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Vice Admiral William S. Sims, Commander, United States Naval Forces Operating in European Waters, to Captain Joel R. Poinsett Pringle, Commander, Destroyer Flotilla, Queenstown

23rd October, 1917.    

My dear Pringle,

          I have had a long talk with Sir Douglas Brownrigg – Chief Censor – who incidentally is a very important personage in the Admiralty – a typical American – and who has co-operated with us from the very beginning perhaps better than anyone else whom we have encountered.

          Brownrigg seems to think that you are making a mistake in the stand that you have taken regarding three male entertainers. It seems that these entertainers have been all up and down the Western Front, on the front on the Balkans and in fact, as far afield as Egypt and Mesopotamia. Their general direction has been under the supervision of a prominent actress – whose name has slipped my mind but whose work in this line has been so extraordinary that she was one of the first ladies to receive the new decoration for women called “The Order of the Empire” or something like that.1

          Brownrigg says that he doesn’t see any possible trouble or objection to having them comedown the same as they go to the front and elsewhere. Of course, Admiral Bayly2 may offer some objection but perhaps if you are converted to the idea yourself, you might likewise convert him.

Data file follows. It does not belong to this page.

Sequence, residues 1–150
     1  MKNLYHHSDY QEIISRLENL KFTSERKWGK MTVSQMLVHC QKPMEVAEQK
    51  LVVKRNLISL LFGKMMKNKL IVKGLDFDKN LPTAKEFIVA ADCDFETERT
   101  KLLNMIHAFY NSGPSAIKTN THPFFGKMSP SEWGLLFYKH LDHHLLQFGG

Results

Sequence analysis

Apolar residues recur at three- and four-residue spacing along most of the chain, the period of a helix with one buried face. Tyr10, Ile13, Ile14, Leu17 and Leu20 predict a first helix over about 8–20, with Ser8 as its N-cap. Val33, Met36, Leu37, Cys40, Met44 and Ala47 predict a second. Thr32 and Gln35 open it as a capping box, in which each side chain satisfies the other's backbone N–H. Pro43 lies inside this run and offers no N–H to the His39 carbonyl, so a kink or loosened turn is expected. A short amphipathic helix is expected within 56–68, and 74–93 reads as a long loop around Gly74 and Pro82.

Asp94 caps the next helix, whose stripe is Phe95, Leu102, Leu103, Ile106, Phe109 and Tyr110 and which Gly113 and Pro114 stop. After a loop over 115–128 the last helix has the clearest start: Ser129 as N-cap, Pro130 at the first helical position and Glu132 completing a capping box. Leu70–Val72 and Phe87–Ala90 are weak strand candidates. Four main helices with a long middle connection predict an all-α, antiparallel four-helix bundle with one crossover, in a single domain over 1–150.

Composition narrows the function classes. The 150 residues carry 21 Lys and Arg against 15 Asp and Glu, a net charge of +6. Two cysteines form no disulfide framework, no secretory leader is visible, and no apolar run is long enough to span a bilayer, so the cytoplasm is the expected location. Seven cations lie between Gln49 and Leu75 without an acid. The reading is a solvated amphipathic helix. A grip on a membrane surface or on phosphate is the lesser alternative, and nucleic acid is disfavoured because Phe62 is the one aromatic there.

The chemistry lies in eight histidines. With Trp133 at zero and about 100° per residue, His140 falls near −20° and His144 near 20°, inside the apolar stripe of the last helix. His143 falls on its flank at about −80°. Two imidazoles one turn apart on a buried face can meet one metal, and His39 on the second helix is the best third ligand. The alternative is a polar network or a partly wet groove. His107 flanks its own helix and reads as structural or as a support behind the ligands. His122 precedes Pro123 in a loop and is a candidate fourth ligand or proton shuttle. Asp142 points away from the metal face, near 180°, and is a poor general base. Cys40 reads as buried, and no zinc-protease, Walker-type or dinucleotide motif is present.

Brownrigg also says that if we are to utilise the services of these entertainers we will have to follow more or less the procedure adopted elsewhere in respect to them. That is, as I understand it, he refers to the fact that they are paid for their time while on any designated trip and that therefore you could have them appear every night for a sufficient number to make their trip worthwhile.

          I am further inclined to agree with Brownrigg but I don’t propose in any way to dictate to you as you are the man on the spot and your final decision will be mine.

          I will say this, however, that Brownrigg is an excellent officer and gentleman upon whose judgment you may safely rely. He is a real sailor and what we call at home “a good scout”. He is showing an excellent spirit in wanting to help us out in any way and I have expressed my deep appreciation of his action.

          Whatever you do remain cheerful,

Very sincerely,

Source Note: TL, DLC-MSS, William Sims Papers, Box 79. Following the close, the letter is addressed, “Captain J.R.P.Pringle, U.S.N./U.S.S.MELLVILLE.”

Footnote 1: The award to which Sims is referring is the Order of the British Empire, which was established in 1917. The "prominent actress" Sims refers to is probably Lena Simpson, who was named an Officer of the Most Sacred Order of the British Empire for her work as an “Organizer of Entertainment for Troops,” Supplement to the London Gazette, 24 August 1917.

Footnote 2: VAdm. Sir Lewis Bayly, Commander, Naval Forces, Southern Ireland.

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